By Ben Barlow
There are currently 19 member nations of the Eurozone using the euro, with Lithuania the latest to adopt the currency at the beginning of 2015. Technically, adopting the euro is a mandatory condition of EU membership, which means there should be nine nations preparing to embrace the currency. However, Denmark and the UK obtained special opt-outs and Sweden has avoided fulfilling adoption requirements. Given the Greek financial crisis, Brexit vote and ongoing EU uncertainty, there may never be another new country to use the euro.
Existing Members Due to Adopt the Euro
Aside from Denmark and the UK (which is set to leave the EU by 2019 anyway) there are seven countries due to adopt the euro one day. Convergence criteria must be fulfilled before using the euro, which includes joining the European Exchange Rate Mechanism II (ERM) for at least two years. As this is voluntary, Sweden has avoided doing so, especially after Swedish citizens voted against using the euro in a 2004 referendum.
Of the other six countries, all have joined the EU from 2004 onwards. That is the same year the likes of Lithuania, Slovakia, Latvia and more did as well, all of which successfully use the euro, which suggests uncertainty is why some of them have not yet taken up the euro.
According to a survey by the European Commission, the citizens of Romania, Hungary and Croatia all support introducing the euro. Yet in the Czech Republic, Poland and Bulgaria they are against its adoption. The overall results showed a 4% decrease in support from 2015, with Romania and Hungary the two most likely existing EU countries to introduce the currency next.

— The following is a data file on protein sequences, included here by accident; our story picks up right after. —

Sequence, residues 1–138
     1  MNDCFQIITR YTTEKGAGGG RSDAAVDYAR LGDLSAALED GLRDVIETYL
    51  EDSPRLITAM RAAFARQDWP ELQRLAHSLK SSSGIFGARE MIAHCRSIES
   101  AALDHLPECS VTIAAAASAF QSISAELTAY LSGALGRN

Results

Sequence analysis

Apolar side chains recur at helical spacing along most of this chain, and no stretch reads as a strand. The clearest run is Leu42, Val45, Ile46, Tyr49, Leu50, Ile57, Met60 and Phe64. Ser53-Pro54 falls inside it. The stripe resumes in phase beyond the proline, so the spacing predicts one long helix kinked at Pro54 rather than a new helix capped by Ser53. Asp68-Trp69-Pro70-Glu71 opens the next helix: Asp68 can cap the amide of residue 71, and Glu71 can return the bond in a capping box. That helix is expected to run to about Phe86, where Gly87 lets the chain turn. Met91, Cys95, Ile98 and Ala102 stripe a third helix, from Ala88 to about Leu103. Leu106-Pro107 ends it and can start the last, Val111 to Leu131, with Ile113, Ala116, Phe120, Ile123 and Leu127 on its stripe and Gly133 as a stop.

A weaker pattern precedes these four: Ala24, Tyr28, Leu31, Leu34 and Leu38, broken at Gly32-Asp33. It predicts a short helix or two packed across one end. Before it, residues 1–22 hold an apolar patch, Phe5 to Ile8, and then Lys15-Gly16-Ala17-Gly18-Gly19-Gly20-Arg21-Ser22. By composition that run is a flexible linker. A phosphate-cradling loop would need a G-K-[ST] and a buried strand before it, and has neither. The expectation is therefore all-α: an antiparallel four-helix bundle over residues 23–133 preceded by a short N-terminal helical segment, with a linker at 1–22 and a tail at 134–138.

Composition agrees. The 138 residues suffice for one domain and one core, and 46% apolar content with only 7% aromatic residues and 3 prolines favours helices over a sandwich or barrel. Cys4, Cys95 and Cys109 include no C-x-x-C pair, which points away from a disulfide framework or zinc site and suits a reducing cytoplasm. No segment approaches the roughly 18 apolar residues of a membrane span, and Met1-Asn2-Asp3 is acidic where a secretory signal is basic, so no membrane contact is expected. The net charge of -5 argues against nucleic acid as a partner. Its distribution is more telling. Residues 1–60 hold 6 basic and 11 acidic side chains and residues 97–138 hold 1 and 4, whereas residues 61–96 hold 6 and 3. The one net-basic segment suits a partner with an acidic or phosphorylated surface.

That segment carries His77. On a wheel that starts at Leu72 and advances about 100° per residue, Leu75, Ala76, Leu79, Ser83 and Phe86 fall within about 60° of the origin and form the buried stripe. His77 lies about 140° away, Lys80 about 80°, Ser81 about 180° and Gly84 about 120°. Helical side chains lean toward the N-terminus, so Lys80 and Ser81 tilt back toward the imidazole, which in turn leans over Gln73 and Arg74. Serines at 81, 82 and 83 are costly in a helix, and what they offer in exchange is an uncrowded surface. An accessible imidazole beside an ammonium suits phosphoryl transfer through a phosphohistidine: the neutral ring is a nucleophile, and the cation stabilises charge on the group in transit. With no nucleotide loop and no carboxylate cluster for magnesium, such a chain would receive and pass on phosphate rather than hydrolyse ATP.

Countries Hoping to Join the EU
From 2020 the Telegraph reports that all EU members will have to adopt the euro. There are currently a few candidate countries hoping to join the EU and presumably use the euro in the coming years. These are Albania, Macedonia, Montenegro, Serbia and Turkey. Negotiations are underway already for some of them to join, while Bosnia and Herzegovina and Kosovo are also listed as potential candidates.
Despite not being an EU member, Montenegro and Kosovo have already adopted the euro as their currency upon independence. This could represent a further expansion for the euro, if more nations outside of the EU and Eurozone adopt the currency unilaterally instead. For the likes of Albania and Macedonia, it may be a great way to ensure economic stability.
Various factors such as the ongoing Brexit negotiations, upcoming general elections in France, Germany and The Netherlands and any future financial crises (such as happened in Greece) could put them off introducing the euro. These are the main elements that lead many to doubt another country will take up the euro.
How New Adopters Would Affect Euro Value
For Oanda forex traders, the possibility of a new country adopting the euro will affect its value, at least in the short-term. When Lithuania began using the euro, there was little change in the currency's value despite this strengthening of the Eurozone. As a relatively small nation and population, there may have been a minor movement but nothing too significant.
Only if a few countries with large populations and GDPs join at once would there be a big boost to its value. Even then, with Brexit set for 2019, by the time any other country adopts the euro any positive effect would likely be offset by the UK leaving the EU and the uncertainty this would provide for the markets.
At the moment, it seems unlikely that any other country will adopt the euro in the next couple of years, but there is still the possibility another will in the longer term.